In a recent study, investigators suspected that cells were in an energy-deficient state and were not using glucose efficiently as the culture progressed. Glucose levels in the media were marginally informative of this suspicion. One goal of the study was to discover markers that are more robust and descriptive than glucose.
Figure 3 shows the results of heat mapping generated through metabolomic analysis and the relevant changes discovered. Each cell of the heat map represents a single measurement of either cells or media and is colored to represent the fold change from the initial time (red areas reflect an increase over time; green areas depict a decrease). The expanded center section of the heat map shows critical changes, demonstrating that the sorbitol pathway of glucose utilization changed during the run.
Sorbitol can be induced in times of osmotic stress; at high levels, it can induce apoptosis in some cell types. Sorbitol, however, is generally thought to be produced in the presence of elevated glucose levels. Sorbitol may be a marker of reduced glucose utilization by glycolytic pathways. In contrast to glucose measurement in the experimental media, the sorbitol signal is more pronounced with time.
Thus, whether a marker of reduced glucose utilization by glycolysis or an indicator of osmotic changes, this metabolomic analysis demonstrated that sorbitol can be used as a robust marker of cellular changes. Sorbitol could possibly also be used in conjunction with glucose and lactate—as a measure of glucose utilization efficiency. Clearly, measuring only standard markers would not have provided a conclusive view of what was actually occurring in the experiment.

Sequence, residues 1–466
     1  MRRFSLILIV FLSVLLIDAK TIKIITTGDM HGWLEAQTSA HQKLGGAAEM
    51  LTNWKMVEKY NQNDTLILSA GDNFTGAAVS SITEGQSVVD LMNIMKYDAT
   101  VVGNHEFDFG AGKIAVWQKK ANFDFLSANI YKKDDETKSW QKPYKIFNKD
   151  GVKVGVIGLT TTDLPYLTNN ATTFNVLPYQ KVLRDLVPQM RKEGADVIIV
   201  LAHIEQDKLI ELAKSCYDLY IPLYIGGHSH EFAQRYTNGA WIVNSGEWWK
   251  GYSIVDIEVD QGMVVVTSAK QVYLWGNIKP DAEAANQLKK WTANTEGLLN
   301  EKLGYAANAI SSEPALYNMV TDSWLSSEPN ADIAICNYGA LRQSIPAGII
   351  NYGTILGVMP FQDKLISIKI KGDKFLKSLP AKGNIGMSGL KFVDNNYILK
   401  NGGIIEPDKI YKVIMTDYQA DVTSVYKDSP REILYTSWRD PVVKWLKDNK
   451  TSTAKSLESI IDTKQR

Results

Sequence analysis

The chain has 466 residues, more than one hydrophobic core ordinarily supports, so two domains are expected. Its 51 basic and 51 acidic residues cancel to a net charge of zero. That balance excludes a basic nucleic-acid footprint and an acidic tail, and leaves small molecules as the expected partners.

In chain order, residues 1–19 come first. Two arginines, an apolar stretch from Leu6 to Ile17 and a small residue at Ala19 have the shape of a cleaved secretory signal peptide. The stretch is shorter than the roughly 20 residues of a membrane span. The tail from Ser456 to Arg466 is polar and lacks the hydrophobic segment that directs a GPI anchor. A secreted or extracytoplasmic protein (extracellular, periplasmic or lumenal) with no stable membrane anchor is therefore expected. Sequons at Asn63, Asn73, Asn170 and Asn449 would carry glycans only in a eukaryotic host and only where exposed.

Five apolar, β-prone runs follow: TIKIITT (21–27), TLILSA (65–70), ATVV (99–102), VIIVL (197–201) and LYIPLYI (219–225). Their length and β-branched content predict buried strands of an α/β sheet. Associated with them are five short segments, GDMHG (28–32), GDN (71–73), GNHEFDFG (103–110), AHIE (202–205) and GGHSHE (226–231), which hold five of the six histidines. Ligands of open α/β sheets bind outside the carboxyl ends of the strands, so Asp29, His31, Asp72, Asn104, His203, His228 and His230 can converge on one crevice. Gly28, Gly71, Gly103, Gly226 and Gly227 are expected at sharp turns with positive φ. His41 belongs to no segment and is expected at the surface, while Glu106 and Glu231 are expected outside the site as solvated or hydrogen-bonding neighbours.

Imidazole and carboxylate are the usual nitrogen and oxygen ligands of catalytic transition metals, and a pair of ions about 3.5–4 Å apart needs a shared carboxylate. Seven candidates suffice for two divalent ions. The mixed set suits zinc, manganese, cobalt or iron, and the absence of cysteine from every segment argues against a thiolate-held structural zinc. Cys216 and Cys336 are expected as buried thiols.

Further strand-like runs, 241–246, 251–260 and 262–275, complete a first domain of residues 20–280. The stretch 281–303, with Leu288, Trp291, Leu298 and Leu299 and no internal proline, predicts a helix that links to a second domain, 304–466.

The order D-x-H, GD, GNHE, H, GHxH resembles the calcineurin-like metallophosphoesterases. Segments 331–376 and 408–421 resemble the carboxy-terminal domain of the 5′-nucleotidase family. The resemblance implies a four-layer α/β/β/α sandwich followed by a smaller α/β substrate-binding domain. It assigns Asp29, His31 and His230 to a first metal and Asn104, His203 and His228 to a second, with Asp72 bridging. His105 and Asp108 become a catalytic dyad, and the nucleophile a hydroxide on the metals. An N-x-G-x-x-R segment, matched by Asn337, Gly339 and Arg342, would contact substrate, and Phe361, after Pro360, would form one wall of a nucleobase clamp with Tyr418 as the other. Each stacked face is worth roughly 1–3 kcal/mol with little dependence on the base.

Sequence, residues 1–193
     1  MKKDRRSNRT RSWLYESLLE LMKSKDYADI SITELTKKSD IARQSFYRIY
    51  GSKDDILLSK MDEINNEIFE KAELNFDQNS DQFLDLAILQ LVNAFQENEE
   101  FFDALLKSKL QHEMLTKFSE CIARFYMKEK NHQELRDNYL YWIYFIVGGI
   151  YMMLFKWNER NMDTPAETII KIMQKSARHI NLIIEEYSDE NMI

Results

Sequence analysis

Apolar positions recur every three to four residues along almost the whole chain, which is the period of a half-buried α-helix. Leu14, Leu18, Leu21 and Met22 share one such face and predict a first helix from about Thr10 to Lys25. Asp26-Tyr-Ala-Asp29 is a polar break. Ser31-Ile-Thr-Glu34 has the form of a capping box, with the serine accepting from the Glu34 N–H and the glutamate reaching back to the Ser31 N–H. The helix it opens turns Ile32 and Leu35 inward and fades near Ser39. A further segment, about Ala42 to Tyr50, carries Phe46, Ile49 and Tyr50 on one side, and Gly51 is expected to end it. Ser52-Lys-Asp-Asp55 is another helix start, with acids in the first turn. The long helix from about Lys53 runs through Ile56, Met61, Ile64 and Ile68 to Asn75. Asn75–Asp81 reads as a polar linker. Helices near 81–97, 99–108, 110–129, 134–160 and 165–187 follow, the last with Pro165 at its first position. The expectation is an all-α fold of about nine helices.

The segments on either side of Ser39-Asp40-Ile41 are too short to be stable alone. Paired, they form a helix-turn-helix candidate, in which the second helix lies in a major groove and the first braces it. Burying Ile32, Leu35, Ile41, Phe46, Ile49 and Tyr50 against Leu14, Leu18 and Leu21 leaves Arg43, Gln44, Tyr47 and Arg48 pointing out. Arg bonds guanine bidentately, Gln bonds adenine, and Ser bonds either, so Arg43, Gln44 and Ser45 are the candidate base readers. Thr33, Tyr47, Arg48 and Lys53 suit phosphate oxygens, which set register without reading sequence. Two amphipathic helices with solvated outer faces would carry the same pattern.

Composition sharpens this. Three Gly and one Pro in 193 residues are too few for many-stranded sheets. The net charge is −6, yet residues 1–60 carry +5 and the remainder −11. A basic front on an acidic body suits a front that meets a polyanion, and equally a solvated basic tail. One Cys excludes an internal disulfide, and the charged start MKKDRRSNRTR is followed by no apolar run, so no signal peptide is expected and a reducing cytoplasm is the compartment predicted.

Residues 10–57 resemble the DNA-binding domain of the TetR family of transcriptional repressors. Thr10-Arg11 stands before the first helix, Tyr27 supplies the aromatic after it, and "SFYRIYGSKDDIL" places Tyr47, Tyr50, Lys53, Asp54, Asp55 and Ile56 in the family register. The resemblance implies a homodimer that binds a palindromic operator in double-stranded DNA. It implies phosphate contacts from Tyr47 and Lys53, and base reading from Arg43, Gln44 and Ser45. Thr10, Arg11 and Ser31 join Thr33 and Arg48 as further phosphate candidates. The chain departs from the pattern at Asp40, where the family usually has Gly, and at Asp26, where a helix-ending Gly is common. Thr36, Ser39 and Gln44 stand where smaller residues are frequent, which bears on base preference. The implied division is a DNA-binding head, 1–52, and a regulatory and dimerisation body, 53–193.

Historically, bioprocessing and cell culture development have been difficult because of limited knowledge about the components of an experimental system. These systems involve hundreds of metabolites that constantly change during growth and in response to feeding and other environment modifications.
Traditionally, monitoring of these processes has involved a handful of metabolites. In some cases, these metabolites give insight into metabolic changes. More often than not, however, other metabolites are more closely tied to the phenotypical changes of interest (cell viability, protein expression levels, product quality). Using metabolomics, the metabolic underpinnings of cellular changes can be rapidly pinpointed, directing scientists to key areas for optimization.
Don Rose, Ph.D. (drose@metabolon. com), is vp of Metabolon. Web: www.metabolon.com.